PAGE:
No Science Without Contradiction

High-brow climate science specialists might almost be a lost cause, yes, but they are not the only ones working about climate-related stuff. So the latest development in terms of investigating the relationship between people and climate is very welcome, because it shows that not the whole world is supinely enthralled in fashionable doom-and-gloom deathwish: tentatively, the analysis of what “climate” means to us may have actually put a step forward.

I am talking about the ‘Climate not to blame for African Civil Wars‘ piece from PNAS, also described at the Centre for the Study of Civil War (CSCW) at PRIO’s website and in an article on the BBC News website.

What is important is not so much in the conclusions (“the paper concludes that climate variability is a poor predictor of armed conflict“): those contradict an earlier study, so we can only assume another peer-reviewed paper will soon get published contradicting CSCW’s work (perhaps even, putting forward a third interpretation).

What is important is that (finally!) an immature field such as climatology (finally!) sees some kind of scientific debate, instead of the usual circling of the wagons.

So far, that had surfaced only regarding hurricanes. Note that of course, this can only come about when theories meet empirical evidence…as per Alan Sokal’s “refrain”,

clear thinking, combined with a respect for evidence — especially inconvenient and unwanted evidence, evidence that challenges our preconceptions — are of the utmost importance to the survival of the human race in the twenty-first century

But in reality, that is the standard framework of science: peer-reviewed articles more often than most contradicting each other (see here, here and here), because to “do science” means to freely investigate, to see even dead ends as the results of a fun journey, to start anew.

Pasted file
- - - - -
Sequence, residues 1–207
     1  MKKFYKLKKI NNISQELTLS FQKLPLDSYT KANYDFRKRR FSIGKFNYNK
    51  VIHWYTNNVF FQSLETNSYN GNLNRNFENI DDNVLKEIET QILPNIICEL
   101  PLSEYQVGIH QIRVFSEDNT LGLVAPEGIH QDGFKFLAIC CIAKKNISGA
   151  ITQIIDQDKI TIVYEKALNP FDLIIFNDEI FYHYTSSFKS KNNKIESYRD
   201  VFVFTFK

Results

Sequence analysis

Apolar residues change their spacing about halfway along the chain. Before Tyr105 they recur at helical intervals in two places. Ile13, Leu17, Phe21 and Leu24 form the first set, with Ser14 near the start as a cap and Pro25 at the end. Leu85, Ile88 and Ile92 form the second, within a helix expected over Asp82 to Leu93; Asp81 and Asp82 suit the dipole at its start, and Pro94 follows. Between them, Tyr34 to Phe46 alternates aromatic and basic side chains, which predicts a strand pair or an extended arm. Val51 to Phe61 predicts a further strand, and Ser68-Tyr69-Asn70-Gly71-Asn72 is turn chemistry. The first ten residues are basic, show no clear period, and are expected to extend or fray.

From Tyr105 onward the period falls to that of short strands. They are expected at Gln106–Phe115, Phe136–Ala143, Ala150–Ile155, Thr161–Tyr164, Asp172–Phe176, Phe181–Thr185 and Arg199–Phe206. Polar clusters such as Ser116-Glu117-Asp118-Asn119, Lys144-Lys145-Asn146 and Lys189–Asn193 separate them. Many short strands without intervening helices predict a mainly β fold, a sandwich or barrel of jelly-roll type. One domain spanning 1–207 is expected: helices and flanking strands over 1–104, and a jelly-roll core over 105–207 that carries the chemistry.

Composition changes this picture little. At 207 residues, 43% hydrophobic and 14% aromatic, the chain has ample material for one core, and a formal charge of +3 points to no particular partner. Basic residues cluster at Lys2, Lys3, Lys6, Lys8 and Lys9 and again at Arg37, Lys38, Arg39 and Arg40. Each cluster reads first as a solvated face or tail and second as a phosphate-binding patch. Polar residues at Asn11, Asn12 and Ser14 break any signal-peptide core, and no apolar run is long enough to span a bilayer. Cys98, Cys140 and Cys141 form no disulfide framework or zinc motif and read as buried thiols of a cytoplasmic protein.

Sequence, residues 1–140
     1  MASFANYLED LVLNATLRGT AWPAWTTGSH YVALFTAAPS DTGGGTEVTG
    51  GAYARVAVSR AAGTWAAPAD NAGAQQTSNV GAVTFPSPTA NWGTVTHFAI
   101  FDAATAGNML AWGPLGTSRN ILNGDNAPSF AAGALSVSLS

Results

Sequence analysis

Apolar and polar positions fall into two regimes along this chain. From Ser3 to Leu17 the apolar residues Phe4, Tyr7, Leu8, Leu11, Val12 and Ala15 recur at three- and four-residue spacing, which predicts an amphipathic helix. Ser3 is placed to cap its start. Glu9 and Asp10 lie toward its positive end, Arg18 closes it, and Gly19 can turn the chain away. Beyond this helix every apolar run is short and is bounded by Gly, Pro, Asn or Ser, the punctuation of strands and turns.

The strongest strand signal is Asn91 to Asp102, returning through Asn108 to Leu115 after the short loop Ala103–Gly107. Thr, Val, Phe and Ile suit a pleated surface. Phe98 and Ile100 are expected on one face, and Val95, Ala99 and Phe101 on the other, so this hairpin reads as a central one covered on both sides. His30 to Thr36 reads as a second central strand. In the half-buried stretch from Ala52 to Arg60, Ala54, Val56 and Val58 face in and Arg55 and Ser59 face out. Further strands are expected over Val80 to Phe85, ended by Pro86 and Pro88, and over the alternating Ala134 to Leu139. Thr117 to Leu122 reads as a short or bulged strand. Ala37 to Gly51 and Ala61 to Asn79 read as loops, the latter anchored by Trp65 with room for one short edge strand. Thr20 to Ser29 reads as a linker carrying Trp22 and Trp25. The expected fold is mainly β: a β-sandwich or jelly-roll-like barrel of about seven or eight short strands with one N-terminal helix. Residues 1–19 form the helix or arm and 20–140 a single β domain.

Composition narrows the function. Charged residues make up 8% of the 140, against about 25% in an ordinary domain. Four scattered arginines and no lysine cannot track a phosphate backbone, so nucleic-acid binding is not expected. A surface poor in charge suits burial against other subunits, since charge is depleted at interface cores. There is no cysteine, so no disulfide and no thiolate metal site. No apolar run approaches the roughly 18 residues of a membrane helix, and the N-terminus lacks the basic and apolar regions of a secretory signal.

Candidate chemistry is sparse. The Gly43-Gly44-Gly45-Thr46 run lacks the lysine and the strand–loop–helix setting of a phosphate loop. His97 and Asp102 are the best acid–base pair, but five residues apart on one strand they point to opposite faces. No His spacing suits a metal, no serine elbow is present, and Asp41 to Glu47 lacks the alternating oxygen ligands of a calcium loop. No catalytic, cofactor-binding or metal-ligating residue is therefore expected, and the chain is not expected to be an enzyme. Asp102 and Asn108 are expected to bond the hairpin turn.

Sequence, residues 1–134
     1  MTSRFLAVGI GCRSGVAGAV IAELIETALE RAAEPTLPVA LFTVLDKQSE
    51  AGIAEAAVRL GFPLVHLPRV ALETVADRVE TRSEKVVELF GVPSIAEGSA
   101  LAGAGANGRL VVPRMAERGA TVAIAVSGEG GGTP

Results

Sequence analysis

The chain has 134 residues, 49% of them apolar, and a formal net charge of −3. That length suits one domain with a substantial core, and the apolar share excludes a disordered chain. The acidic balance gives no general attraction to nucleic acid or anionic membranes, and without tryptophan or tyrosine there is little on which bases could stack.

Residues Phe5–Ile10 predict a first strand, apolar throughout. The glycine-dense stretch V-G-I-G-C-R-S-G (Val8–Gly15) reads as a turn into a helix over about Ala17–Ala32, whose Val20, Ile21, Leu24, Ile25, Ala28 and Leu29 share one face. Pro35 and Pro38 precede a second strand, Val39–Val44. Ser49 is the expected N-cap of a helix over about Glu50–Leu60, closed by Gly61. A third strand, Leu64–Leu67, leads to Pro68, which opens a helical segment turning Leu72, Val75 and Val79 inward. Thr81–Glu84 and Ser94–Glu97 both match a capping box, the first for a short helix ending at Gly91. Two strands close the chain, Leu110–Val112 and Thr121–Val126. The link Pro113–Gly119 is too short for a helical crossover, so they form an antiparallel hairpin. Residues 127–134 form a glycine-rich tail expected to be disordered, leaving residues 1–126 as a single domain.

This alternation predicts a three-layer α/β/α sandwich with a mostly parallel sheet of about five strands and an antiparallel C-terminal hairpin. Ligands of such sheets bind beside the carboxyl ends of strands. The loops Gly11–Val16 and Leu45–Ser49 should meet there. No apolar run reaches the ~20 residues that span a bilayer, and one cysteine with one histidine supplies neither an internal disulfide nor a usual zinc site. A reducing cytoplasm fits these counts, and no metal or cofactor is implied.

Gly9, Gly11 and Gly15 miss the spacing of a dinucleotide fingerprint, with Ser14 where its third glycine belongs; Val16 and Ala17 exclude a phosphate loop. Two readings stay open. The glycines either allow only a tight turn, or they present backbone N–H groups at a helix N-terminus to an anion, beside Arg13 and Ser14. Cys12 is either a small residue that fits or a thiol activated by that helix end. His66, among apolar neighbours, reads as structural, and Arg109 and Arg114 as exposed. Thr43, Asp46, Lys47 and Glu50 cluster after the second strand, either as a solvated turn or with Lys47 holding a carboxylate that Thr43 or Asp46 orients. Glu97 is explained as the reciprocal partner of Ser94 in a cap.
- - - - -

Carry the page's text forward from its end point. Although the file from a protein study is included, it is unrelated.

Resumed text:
And to consider contradicting articles as a great chance for a synthesis, rather than a mortal, dangerous opportunity for the enemies of science. Why, does anybody remember…”all human knowledge begins with intuitions, proceeds from thence to concepts, and ends with ideas“…


What will a mature climate science look like? From one of Scientific American’s blogs, take the word of “late, great anthropologist” Clifford Geertz:

progress [in a field of science] is marked less by a perfection of consensus than by a refinement of debate. What gets better is the precision with which we vex each other

“Vexing each other”: instead of working in the background to prevent people from publishing at all.

A Pickax Against Climatology (Beware Of Your Friends!)

It is funny to notice how, bit by bit, excuse-prone scientists are unwittingly destroying climate science.

For example now we know that decade-long temperature trends are irrelevant (if they cannot be used to show a cooling, or a stability in temperatures, obviously they cannot be used to show an increase either).

We also know that the number of strong Atlantic hurricanes is irrelevant (if the fact that there have been very few of late, cannot be used to invalidate AGW, then even if they return in large numbers, that won’t be suitable to demonstrate AGW either).

In other parts of the blogosphere, we are now learning that past reconstructions are irrelevant too (even if they’re wrong, it doesn’t matter to future warming).

And of course, the IPCC itself has declared in 2007 that attribution of a particular weather event to AGW may as well be impossible. Based on that logic, no mention of “global warming” or “global cooling” or pretty much anything else climate-related, makes any sense when talking about weather (trouble is, somehow all that irrelevant weather magically transmogrifies itself into “climate” over 30 years).

At this rate, climatology will soon remain as a bunch of pure “irrelevants”.